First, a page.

“Wow, that’s fantastic!” she chirped, jumping up and down, a crease forming at her eyes. “Aaron, you’re so successful! You really did something amazing!”

“You must be in college?” he said.

“Connecticut State,” she replied, “only here for the weekend. But wow, a videographer... I should have known! Only a prodigy could have taken such great footage from inside his jacket pocket.” She smiled. “I loved that summer.”

“Those were the best of days.” He could smell her perfume, mixing in with the sweet taste of the rich cocoa in his hands. “I really loved those summers, all of them. They meant a lot to me.”

“Remember our island,” she smiled, taking his hands. “We used to pretend we were hunters! You would bring home firewood and you’d make those funny squirrel traps, and I’d make stew out of berries. We were a happy little family.” She was inching closer to him, so that he could see each shadow as it fell across her smooth skin, across her lips, curled in a wide smile.

“And then remember the time we actually caught a squirrel?” he laughed, caught in the stale happiness.

“You don’t laugh enough, Aaron,” she said, running a hand through his hair.

“You always made me laugh,” he said, touching her wrist, a whisper of skin. Looking down, he laughed dryly. “Maybe that’s why I was so obsessed with you.”

She stepped back, her white sneakers clattering on the floor. The room yawned with tension. “You were obsessed with me?” she said, voice rising an octave.

“I... I thought you knew,” he said. The mug shook in his hand. A few droplets, still hot, slipped over the rim and sizzled on his flesh. “I mean, I gave you all those videos. I thought you knew.”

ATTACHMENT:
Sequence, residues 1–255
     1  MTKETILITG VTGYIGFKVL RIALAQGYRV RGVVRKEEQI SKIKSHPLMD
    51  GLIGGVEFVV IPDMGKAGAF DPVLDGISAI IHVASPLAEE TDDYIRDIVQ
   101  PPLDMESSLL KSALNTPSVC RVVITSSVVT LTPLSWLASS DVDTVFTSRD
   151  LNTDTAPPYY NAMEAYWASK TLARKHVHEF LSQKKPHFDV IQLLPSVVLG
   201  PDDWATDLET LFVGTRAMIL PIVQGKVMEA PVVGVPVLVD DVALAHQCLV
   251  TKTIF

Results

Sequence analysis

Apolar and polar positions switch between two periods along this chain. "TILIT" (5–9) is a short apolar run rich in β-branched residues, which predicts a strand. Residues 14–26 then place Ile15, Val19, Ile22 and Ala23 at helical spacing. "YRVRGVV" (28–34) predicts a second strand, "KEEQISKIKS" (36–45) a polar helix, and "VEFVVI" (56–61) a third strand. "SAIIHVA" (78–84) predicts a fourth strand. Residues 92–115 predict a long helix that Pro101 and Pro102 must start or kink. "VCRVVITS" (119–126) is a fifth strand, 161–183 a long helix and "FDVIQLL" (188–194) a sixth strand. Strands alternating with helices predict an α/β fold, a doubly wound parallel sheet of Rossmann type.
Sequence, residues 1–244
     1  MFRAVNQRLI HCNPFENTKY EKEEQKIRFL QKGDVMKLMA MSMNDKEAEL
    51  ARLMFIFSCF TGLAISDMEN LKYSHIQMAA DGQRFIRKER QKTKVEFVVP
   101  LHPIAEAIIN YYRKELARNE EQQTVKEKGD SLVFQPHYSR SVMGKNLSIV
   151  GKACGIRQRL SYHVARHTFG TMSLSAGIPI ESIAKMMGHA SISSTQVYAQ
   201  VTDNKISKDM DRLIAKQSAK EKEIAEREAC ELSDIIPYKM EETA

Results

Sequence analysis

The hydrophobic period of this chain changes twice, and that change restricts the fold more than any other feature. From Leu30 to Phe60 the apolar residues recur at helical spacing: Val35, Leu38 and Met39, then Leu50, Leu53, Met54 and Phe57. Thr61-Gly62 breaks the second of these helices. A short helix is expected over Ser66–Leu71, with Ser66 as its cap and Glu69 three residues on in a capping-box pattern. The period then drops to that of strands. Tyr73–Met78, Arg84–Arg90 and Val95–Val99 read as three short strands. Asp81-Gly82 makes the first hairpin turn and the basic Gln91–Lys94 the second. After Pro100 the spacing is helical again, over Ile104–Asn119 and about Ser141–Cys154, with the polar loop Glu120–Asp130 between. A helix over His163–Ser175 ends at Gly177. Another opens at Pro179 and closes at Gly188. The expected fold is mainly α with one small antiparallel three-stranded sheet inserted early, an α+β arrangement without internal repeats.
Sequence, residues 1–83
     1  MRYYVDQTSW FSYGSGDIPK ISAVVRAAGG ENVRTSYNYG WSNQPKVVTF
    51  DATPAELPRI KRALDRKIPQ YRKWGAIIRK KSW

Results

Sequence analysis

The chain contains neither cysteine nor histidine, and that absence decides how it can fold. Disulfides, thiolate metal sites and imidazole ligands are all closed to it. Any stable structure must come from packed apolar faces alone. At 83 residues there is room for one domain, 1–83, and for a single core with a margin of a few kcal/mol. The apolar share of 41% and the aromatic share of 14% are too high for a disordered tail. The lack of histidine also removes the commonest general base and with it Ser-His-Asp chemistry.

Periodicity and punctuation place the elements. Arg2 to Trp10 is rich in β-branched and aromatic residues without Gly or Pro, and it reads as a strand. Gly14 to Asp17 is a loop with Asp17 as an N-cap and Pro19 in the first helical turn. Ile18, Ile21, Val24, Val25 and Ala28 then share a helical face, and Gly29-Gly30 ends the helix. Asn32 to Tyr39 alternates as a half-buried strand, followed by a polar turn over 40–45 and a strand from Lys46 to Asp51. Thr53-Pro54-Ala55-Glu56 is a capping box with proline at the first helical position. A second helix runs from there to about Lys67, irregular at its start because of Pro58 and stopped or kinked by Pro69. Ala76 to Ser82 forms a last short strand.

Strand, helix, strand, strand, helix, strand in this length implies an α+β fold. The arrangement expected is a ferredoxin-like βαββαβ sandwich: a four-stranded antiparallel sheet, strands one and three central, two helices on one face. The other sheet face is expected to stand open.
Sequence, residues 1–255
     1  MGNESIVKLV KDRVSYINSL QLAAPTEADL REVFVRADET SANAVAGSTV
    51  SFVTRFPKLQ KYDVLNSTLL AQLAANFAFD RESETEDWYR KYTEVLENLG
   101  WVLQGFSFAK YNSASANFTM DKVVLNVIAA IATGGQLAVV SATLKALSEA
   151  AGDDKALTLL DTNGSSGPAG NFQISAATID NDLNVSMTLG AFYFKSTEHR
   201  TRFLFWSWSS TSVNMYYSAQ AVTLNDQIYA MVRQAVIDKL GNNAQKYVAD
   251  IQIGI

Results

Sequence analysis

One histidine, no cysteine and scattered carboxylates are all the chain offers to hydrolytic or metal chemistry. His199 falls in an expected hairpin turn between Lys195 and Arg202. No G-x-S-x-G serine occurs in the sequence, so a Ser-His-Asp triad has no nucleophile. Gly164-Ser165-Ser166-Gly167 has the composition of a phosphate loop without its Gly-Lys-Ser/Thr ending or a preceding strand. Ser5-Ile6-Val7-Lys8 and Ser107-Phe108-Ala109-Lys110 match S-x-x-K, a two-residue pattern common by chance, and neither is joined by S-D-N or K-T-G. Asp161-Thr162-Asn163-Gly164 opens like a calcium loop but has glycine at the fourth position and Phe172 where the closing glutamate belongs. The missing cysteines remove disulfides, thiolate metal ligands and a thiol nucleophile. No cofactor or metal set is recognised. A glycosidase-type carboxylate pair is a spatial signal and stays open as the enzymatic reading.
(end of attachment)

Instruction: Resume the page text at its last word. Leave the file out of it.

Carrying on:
“I thought we were friends,” she said, tears quickly bubbling in her eyes. She stomped angrily on the floor, as if to punish herself for crying. “I thought things were simple. I had no idea. Oh my God, Aaron.” Now she was laughing, brushing at her hair, looking at the ground. “Of course. You were in love with me. Now I see it clearly. Was it difficult for you, all those years? How long?”

“Always,” he said, feeling the heat rush to his cheeks, but he couldn’t stop now. It was too late. “Lila, I always loved you, but I was too shy to admit it. We spent weeks together in the summer and all I could think of was how infatuated I was with you, but you were too full of light... so full of color... you passed someone like me right by.”

“You were my best friend,” she said.

The cocoa shook. “I spent so long trying to work up the nerve to come see you but you’re just as beautiful as I remember. You’re more beautiful than anyone.” The words were blurring; the cocoa sloshed. “I think I still love you. The second I saw you, I knew. I remembered. I’ll never forget as long as I live.”

She was looking at the ground, wiping her eyes. Dust swirled around them, illuminated by the lightbubs. The snow quickened its pace, little bursts of pale ivory clamoring at the translucent window.

He stepped towards her, a fragile lilt, and placed his hand on her waist. The rose-lips were inches away.

Then the cerulean eyes closed and the silver eyeshadow glittered like snow. “Aaron, I’d like you to meet someone,” she said, a jewel of a tear threading down her cheek. Then she was gone, like a burst of air.

He stood. The cocoa quivered.

There she was, Lila, the very apple of his eye. She was a spark, a summer star. So many nights he’d lain beside her, in a tent outdoors, on a quiet island beach, a love song playing, and he hadn’t had the nerve, and she hadn’t known, not after all those years.

Beside her was a man with eyes like pine and hair like an evergreen’s trunk.

He was tall, with a firm, friendly jaw and strong arms, one of which was around his beautiful Lila’s waist, as easily as it had always been there.

“This is my fiancé, Evan,” she said quietly, pulling a smile onto her lips. Spiderweb creases formed around the edges of her mouth.

“Nice to meet you,” said Evan, beaming, displaying a mouth full of teeth as white as the winter snow. A silver watch glittered from his wrist, which he was holding before Aaron’s face.

The cocoa slipped, fell, and shattered on the floor.

“Aaron, wait!” said the girl who was his first love, the constitution of his whole heart. She was beside him, a spark of light. “I won’t forget. I swear.”

“Don’t talk about summer,” he said. “All I have is now.”

He slipped into the winter courtyard and disappeared.